- The most critical part of understanding is interviewing potential users/customers. This may range from 100 to 300 potential user/customer interviews. This also provides validation that the potential users/customers believe the solution provides more value that the competition. Note that interviewing is very different from sales calls.
- Quickly create a minimal solution and get it into users/customer hands. Keep experimenting and changing the initial solution until there are a group of delighted users/customers. Then start charging customers. At this point the solution delivery and sales process are not cost-efficient. At this point the startup doing things that do not scale.
- Continue experimenting in stages, expanding the solution to meet a larger subset of the target users/customers, and growing the number of paying customers. The solution is still not cost efficient.
- Implement user/customer focused metrics. There is a never-ending process understanding user/customer needs and measuring user/customer delight relative to the competition. Remember what happened to Blackberry – the number of people who needed keyboards on their phones disappeared.
- Determine when the solution has reached the point of being able to delight the full scope of target users/customers.
- At this point, make the solution delivery and sales processes cost efficient and rapidly grow the company.
- Keep exploring and experimenting with new types of users/customers, new distribution channels, and new partners.
- Resource allocation decisions driven by fact-based metrics on what large numbers of users/customers perceive as valuable. I recall reading a quote from Google’s CFO, when meeting with a product team. “Why aren’t a billion people using this? If there are a billion people using this, why aren’t we making money?”
- The sales process is designed based on understanding users/customers and enabling them to achieve value. Most traditional sales processes are designed to sell a solution.
- The investors, board of directors, advisory board, coaches, and mentors have skills, experience, and networks which the founders and management team lack. The founders and management team have a passion to learn and change.
Why do successful startups doom companies with traditional strategic planning?
Successful startup have a combination of factors driving long-term success while traditional companies with traditional strategic planning have a combination of factors driving long-term failure.
- They constantly document their key assumptions and validate or invalidate those assumptions. Tradition companies don’t document their key assumptions and don’t constantly validate them, which inevitably leads to crises . “The assumptions on which the company has been built and is being run no longer fit reality.”7
- Their investment decisions start with and are focused on enabling customers to meet urgent needs. Traditional strategic planning often starts what the company’s opinions and needs are e.g. financial objectives, vision, mission, etc.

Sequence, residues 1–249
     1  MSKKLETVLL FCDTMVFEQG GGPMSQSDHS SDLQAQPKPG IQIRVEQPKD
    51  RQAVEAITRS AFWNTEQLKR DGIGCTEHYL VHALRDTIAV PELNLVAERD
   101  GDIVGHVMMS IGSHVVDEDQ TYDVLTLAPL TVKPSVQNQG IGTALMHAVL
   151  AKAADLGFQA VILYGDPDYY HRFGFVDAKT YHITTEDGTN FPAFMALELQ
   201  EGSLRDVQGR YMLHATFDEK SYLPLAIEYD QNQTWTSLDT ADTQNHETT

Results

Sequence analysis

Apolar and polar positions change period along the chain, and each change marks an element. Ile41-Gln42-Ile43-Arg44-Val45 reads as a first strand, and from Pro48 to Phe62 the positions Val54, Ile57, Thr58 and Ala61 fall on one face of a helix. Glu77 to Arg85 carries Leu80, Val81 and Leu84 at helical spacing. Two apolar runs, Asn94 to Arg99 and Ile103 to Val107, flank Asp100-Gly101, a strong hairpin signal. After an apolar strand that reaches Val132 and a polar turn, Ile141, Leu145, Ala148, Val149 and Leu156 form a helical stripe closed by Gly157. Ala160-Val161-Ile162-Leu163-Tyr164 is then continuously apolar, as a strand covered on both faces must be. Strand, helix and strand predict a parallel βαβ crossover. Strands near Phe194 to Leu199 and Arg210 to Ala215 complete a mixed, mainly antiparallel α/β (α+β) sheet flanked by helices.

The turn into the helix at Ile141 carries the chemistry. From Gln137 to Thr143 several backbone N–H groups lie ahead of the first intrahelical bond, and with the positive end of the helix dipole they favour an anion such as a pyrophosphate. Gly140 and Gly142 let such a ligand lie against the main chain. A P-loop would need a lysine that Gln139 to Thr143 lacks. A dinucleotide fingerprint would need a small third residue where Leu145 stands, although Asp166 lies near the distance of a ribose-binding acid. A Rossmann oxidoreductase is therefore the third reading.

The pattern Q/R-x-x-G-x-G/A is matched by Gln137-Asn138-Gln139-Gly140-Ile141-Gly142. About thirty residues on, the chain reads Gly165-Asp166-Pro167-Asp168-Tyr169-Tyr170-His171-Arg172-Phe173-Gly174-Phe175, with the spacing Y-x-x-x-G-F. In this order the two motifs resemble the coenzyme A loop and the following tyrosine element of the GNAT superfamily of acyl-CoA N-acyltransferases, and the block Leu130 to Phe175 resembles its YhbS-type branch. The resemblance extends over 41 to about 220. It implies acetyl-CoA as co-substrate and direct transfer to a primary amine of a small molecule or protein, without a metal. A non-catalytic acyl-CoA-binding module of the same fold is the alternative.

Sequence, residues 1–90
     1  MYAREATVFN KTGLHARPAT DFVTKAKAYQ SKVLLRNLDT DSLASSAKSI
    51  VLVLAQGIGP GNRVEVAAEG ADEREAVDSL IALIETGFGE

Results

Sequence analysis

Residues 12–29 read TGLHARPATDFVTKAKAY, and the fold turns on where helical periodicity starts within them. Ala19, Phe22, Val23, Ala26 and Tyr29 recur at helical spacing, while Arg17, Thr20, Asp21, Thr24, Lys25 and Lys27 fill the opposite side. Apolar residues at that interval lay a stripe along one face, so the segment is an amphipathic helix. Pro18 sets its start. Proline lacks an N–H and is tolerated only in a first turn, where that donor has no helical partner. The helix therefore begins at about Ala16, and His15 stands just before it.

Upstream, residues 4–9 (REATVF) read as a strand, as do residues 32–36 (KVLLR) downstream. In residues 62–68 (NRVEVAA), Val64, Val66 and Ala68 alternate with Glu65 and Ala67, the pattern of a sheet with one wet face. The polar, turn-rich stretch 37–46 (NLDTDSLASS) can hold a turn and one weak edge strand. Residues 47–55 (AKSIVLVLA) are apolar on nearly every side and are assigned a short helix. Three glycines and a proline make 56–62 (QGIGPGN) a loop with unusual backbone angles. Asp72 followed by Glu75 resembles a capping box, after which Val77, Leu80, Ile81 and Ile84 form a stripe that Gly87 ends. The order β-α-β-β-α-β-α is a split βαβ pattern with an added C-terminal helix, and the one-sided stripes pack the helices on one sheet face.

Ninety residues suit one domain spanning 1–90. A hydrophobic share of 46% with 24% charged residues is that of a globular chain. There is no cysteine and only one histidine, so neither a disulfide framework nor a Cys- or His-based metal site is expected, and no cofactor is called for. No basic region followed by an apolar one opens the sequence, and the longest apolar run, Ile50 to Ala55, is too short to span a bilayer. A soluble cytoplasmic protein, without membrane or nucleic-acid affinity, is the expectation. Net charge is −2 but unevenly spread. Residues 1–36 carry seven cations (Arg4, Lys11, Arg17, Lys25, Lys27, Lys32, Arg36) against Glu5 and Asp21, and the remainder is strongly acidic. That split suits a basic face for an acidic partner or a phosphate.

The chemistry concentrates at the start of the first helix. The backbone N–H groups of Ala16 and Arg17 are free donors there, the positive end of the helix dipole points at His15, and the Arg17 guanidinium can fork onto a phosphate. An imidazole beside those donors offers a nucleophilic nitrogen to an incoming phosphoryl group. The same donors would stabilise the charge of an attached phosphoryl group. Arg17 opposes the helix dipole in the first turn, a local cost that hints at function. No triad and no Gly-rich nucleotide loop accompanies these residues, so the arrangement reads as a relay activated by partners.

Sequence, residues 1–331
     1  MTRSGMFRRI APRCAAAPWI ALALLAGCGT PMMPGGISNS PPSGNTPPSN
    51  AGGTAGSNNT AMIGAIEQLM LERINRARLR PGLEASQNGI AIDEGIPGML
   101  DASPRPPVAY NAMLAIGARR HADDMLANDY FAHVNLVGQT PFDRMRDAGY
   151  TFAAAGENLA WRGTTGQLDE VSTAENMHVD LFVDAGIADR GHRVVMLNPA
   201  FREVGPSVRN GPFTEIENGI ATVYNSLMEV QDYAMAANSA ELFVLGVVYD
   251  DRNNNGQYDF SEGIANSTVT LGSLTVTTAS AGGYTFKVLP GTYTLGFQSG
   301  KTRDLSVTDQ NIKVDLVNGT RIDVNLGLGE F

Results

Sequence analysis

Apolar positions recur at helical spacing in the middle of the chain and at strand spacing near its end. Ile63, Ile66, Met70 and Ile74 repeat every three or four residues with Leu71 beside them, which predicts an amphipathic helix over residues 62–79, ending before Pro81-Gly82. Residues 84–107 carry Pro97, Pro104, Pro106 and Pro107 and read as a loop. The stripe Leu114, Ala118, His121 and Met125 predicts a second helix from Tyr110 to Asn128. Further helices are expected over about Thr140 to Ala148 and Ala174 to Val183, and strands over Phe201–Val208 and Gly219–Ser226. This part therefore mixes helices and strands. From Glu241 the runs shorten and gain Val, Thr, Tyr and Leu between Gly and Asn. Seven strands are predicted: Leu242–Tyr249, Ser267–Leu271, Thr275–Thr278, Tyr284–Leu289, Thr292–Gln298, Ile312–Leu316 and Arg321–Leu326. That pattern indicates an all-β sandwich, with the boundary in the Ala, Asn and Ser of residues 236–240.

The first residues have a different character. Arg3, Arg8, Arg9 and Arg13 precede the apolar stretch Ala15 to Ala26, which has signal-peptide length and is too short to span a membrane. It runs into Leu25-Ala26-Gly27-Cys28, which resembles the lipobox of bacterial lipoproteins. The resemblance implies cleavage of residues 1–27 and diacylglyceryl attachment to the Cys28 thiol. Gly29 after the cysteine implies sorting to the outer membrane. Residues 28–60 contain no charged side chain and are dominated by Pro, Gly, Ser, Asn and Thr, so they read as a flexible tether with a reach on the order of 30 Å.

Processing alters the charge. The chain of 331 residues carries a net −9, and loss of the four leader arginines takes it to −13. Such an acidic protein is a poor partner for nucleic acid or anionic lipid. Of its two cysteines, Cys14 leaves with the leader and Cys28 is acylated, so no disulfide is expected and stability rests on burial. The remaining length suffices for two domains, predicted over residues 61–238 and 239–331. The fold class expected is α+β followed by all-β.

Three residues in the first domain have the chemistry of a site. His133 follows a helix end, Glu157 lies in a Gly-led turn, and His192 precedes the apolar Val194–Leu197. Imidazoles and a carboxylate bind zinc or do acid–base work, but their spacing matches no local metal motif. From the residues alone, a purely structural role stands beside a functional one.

- They have ongoing measurement of how users/customers are achieving value. Traditional strategic planning lacks these facts.
- They have ongoing measurement of how users/customers perceive the startup relative to competition. Traditional strategic planning lacks these facts.
- They explicitly assume is that user/customer needs and the competition are constantly changing. Traditional companies assume that change is limited.
- They are constantly conducting experiments with users/customers, channels, and partners to learn what is valuable to change and what isn’t. Traditional strategic planning is focused on a small number of large projects. Traditional companies don’t have a culture that enable and supports the fact that most experiments fail.
- They have a passionate curiosity and desire to learn.
- They minimize what they have to invent by drawing upon proven solutions which don’t impact the user/customer perception of competitive value.
- They have investors, board directors, advisors, and coaches which provide skills, experience, knowledge, and networks the startup lacks. Traditional companies have board directors who lack skills, experience, knowledge and networks that company management lacks or is weak in.
The external environment has also changed dramatically, enabling startups to take customers from traditional companies.
- There is unlimited capital (e.g. at least $1.5 trillion of uninvested private equity capital) available to fund startups and rapidly growing early stage companies.
- The investors passionately support the concept of experimentation and realize that most experiments will fail and most startups will fail – a very different mindset from traditional companies
- The investors are focused on picking talented founders and putting in additional value-added talent to support the founders.
- It fast, easy, and low cost to get the infrastructure needed to launch a company e.g. financial systems, CRM, billing, etc.
- It’s become easier to connect with potential customers via social media.